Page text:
Sciencemadness Discussion Board

Medicinal Compounds of Natural Origin

Aloesci - 3-5-2021 at 09:49

I'm interested in pharmacology and I've been starting by extracting compounds from natural sources which are used medicinally.

I recently moved onto Quinine, a historical anti-malarial drug which isn't used so much anymore because it can cause irregular heartbeat problems. It's found in the bark of a tree from south america, and i played around until i was able to extract some. I made a video about the process, but i can write it up if anyone is interested:

Anyway, i'm wondering if anyone knows of any interesting sources of natural alkaloids or other medicinally useful compounds?

Also, any stories of efforts to make useful compounds with home chemistry for end-of-the-world scenarios? ;)

Ofc its stupid to ingest or use things you make without heaps of purification/analytical steps to make things safe, but i'm curious nonetheless.

njl - 3-5-2021 at 10:23

I think you and symboom would get along nicely. Here's his post related to this topic, I believe there is some discussion of natural sourcing in there.

Aloesci - 5-5-2021 at 11:59

Fascinating post, thanks!

I have an idea now to try and obtain a histamine antagonist found in onion skin called quercetin.
Apparently it can be extracted with cold ethyl acetate, which gives me a reason to make some more ethyl acetate.

Theres so many compounds out there which nature just makes using biochem that would take us ages to come up with a synthesis pathway for. The crazy thing is sometimes we don't know why plants and other life make so many compounds.

I'm always open to new ideas for trying extractions and syntheses.

Mr. Rik - 5-5-2021 at 15:41

Nice video. I am also developing an ever growing interest in this topic. Would love to see more related content.

symboom - 5-5-2021 at 20:12

This is great to hear I hope it inspires others interest in it. It sure helped me alot and helped me with understanding neuroscience better.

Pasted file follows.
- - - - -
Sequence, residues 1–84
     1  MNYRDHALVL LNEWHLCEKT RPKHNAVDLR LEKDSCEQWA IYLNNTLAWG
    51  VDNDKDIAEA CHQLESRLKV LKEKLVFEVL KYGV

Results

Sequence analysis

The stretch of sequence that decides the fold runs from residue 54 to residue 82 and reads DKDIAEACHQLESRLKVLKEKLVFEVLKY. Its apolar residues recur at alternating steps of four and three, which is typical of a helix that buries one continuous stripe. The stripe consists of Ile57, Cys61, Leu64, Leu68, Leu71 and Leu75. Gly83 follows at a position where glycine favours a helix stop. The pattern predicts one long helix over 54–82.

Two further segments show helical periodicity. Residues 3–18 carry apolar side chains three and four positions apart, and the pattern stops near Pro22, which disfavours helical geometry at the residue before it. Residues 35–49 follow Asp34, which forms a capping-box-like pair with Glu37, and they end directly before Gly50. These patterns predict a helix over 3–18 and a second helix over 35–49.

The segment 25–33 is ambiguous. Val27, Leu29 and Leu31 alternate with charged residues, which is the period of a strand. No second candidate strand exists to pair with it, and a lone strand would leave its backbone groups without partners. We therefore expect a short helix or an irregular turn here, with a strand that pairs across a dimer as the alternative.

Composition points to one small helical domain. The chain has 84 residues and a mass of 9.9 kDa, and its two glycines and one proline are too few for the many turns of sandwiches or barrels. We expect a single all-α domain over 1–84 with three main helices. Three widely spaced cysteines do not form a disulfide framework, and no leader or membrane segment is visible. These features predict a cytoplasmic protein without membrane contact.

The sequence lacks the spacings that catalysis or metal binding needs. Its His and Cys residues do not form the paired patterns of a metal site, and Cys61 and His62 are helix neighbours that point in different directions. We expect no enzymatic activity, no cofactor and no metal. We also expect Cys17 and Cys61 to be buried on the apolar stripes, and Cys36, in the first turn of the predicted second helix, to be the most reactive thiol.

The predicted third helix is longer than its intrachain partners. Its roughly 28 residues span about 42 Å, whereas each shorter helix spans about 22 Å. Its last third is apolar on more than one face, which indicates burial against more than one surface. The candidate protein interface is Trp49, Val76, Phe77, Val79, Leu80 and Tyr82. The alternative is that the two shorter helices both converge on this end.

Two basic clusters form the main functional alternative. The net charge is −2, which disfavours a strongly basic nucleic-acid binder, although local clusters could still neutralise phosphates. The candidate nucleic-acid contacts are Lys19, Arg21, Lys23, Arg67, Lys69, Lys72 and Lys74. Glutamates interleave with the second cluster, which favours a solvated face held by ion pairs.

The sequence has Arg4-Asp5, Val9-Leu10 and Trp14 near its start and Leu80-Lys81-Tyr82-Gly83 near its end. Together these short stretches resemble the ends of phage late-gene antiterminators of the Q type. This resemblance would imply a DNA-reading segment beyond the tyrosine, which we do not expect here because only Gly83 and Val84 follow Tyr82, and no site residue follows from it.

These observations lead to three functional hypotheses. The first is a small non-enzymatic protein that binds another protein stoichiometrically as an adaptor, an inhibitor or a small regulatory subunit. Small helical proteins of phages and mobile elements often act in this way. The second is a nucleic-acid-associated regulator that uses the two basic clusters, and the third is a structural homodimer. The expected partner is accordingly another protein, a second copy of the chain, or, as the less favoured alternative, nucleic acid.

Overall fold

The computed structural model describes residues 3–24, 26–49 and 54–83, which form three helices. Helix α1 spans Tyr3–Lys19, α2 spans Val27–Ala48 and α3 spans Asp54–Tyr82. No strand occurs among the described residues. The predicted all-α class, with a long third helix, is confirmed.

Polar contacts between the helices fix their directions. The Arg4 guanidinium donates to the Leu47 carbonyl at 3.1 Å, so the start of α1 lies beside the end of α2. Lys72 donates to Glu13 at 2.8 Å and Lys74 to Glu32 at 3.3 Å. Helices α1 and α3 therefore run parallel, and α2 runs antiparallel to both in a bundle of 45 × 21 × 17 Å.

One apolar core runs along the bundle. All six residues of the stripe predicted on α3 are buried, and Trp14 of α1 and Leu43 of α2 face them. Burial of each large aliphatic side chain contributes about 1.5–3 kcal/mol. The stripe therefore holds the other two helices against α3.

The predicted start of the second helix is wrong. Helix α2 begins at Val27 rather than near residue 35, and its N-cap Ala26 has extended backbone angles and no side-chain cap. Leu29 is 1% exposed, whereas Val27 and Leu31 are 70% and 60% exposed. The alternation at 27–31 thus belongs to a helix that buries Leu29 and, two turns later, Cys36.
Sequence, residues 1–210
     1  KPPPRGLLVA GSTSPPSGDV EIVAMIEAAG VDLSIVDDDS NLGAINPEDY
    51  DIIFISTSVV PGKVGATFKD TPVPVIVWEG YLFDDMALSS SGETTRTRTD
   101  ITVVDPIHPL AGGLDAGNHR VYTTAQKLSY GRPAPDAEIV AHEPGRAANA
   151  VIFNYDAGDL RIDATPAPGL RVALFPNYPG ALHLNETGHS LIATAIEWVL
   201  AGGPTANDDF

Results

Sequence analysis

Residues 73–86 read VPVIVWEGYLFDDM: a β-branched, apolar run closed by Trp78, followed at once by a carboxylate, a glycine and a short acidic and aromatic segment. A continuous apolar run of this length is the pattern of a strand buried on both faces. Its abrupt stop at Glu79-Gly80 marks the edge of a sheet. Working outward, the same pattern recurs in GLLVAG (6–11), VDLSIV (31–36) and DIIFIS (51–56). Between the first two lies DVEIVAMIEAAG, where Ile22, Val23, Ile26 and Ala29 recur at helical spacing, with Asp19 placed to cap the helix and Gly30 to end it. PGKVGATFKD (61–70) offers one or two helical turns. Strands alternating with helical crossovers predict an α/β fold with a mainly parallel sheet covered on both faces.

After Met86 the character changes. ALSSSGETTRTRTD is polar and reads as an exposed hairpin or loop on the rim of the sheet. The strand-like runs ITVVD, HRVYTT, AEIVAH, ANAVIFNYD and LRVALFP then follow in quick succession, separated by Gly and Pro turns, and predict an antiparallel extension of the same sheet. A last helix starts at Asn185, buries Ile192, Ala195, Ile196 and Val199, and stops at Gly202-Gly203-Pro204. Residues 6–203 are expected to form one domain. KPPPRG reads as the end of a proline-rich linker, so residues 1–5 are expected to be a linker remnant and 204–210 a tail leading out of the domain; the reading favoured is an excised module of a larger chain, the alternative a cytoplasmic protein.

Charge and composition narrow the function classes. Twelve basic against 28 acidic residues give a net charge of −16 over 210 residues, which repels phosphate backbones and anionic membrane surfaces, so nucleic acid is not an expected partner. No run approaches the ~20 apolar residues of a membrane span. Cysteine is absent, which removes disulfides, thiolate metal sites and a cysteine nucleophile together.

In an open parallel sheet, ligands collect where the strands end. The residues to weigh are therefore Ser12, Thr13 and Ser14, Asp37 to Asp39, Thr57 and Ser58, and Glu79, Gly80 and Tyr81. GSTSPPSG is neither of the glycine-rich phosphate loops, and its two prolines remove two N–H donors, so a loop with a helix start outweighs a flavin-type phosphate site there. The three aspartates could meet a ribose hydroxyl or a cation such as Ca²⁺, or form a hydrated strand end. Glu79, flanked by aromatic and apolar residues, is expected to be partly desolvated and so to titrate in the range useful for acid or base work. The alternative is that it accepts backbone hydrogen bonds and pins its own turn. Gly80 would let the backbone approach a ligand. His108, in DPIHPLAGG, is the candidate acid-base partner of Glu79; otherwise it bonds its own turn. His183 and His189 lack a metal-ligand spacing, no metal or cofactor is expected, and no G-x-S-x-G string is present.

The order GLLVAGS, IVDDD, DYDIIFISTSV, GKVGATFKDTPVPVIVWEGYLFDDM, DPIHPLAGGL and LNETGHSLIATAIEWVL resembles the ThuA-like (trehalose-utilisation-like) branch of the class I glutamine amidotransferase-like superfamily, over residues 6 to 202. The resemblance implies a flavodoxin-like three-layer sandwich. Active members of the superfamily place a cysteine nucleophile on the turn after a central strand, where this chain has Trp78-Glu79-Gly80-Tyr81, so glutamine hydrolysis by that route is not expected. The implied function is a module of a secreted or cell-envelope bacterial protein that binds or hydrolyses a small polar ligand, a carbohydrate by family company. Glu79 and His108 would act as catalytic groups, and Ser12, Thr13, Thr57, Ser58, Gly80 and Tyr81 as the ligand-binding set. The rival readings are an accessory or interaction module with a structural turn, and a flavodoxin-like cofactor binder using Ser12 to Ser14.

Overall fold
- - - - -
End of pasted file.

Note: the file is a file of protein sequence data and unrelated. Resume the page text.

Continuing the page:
histamine antagonist found in onion skin called quercetin.
That's interesting I've seen quercetin being sold as a supplement I didn't know it was a neuroreceptor chemical.

[Edited on 6-5-2021 by symboom]

Aloesci - 6-5-2021 at 13:00

Thank you Mr. Rik!

Symboom, from some papers I've found online it looks like the compound Quercetin doesnt so much interfere with any histamine receptors as it just inhibits histamine and heaps of other chemicals which cause inflamation from being released from mast cells in the first place. It seems to do this by inhibiting receptors for IgE on the mast cells which normally mediate this release. I suppose the difference between Quercetin and typical antihistamines like loratidine would be that whereas antihistamine drugs are often competitive inhibitors for specific H1 (histamine) receptors, Quercetin may reduce overall inflamation caused by histamine and those other compounds released by mast cells.

medchemist - 3-6-2021 at 14:04

There are quite a few compounds that fit your interest. I would recommend finding a book on pharmacognosy ( ought to have some good ones) as that is the study of natural sources of drugs!

There are few drugs that are still clinically used in their natural form as medicinal chemists tend to use them as a template then modify them to give them improved properties that make them more suitable for clinical use. Notable exceptions are morphine, atropine, cocaine, chloramphenicol, streptomycin and as you point out, quinine. Although all of these (apart from perhaps morphine in some places) are not a first line treatment as there is a better synthetic/semi-synthetic drug available.